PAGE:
As I see it, one of the most important factors in shaping the health of LGBTQ individuals is connections to supportive communities. Without doubt, many LGBTQ people face overwhelming loneliness and isolation, amplified by family rejections and friendships that are shattered when these important people realize their loved ones’ sexual or gender identity. Virtual or online communities do not replace important person-to-person relationships, or face-to-face socialization, but they can fill in a huge gap, and provide a literal life-line for someone who is struggling with isolation and loneliness.
Online communities can take many forms, and they do not necessarily require special skills — just a commitment to make it work! Often they start with just a handful of people who are connected in person, but who want to reach out to others in a specific geographic area, or who share a common interest. Here are a few examples that might inspire you to start your own community!
Email lists have the advantage of managing various factors such as who can join, who can post, whether or not posts are screened (moderated) before posting, and members controlling their own personal information and preferences. They are accessible to anyone with an email address. The San Francisco Bay Area has several email lists that serve to notify people in the area of LGBTQ events, messages asking for assistance, rooms to rent, recommendations, etc. The two that I subscribe to are BA-Sappho, hosted privately by Queernet.org – an organization that serves a host of LGBTQ communities – listed here. The BA-Sappho list is described as a list for lesbians in the bay area, but I find that in fact it posts lots of information that could interest other queer groups as well. Another email list I manage is LezDyke, focusing on promoting and encouraging social support in face-to face encounters among older lesbians. We post information about events that are geared to the interests of older women, invitations to participate in more personal social encounters that are intended for friendship – not dating — reaching out to other women to meet for coffee, dinners, movies, etc. BA-Sappho allows political and religious-type postings, whereas LezDyke does not. Both lists allow limited discussion, but discourage hostile, protracted, and divisive interactions.
Facebook groups and pages have the advantage of being easily discoverable by a wide audience world-wide. A page is similar to an individual’s profile – it is a profile of a entity that exists somewhere (virtual or otherwise) and provides visibility worldwide – sports teams, businesses, clubs, professional organizations — and on and on. A celebrity, a sports team, a club, etc. might have a web page of their own, but also a Facebook page that can attract a broader audience. People can “like” the page to get notices posted on their own Facebook new feed about the entity they are interested in.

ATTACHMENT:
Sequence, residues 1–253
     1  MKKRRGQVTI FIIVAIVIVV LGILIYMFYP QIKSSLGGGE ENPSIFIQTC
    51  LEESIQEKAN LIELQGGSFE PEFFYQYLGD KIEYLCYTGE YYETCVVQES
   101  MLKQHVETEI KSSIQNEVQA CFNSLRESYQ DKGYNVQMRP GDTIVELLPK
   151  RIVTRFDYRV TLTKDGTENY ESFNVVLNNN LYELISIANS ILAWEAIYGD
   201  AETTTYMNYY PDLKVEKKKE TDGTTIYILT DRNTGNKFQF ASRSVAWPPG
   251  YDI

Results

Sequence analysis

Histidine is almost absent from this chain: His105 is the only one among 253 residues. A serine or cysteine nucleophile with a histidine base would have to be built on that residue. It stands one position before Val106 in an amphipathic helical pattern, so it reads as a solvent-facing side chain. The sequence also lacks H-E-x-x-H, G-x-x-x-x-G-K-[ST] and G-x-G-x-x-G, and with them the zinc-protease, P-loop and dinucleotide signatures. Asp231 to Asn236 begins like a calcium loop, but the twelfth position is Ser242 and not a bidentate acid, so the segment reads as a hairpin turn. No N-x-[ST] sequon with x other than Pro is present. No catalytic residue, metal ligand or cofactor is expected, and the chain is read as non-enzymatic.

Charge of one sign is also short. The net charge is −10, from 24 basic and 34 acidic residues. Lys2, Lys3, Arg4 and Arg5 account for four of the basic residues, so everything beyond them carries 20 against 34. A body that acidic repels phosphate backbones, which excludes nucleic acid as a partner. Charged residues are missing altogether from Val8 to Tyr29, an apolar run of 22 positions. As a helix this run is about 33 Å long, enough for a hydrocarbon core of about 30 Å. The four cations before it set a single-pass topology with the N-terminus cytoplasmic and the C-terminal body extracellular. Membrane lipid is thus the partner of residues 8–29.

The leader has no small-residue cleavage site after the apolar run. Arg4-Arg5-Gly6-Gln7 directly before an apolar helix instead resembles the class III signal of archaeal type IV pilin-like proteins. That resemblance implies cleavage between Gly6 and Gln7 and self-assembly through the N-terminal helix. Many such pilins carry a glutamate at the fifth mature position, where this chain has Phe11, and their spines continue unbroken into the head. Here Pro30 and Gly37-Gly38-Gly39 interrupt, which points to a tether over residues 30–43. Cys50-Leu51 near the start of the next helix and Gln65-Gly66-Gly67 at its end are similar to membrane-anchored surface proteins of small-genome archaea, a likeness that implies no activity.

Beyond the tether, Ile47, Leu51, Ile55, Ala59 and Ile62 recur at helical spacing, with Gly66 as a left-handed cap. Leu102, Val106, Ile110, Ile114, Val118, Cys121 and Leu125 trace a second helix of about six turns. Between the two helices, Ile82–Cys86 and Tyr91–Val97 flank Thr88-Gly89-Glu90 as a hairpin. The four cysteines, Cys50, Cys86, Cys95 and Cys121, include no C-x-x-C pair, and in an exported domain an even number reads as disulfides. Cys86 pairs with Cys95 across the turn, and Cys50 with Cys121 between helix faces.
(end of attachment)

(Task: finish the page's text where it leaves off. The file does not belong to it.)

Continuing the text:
A Facebook group, by contrast, is where people can actually join a group, and the group can post events, photos, documents and lots of information of interest to group members. It is harder to stay connected to the group compared to an email list, and people have to have a facebook account to join and to get information on their news) or private (someone has to approve members before they can join). Facebook offers lots of advantages over an email list. The LGBTQ Bay Area Group is a great example — this is a group to encourage and support the LGBTQ arts communities. If you search Facebook for “LGBT” (with or without Q), or “LGBT ______” (you fill in the blank), or any of your preferred LGBTQ-related terms, you are likely to find more than you thought existed. If you don’t that is a clue to start your own!
So I encourage you to start interacting with other LGBTQ communities online. They are like any other group you join- you can become involved a lot, only occasionally, or as a “lurker!” But getting involved gives you a connection to people with whom you share something important, and at some point might become very important to you! And if you can’t find exactly the right group for you, consider starting one! It is helpful to have at least one or two “co-organizers,” which gives you a community of 2 or 3 who can share the responsibilities of the group and provide the kind of encouragement and support to carry on through the best and worst of times!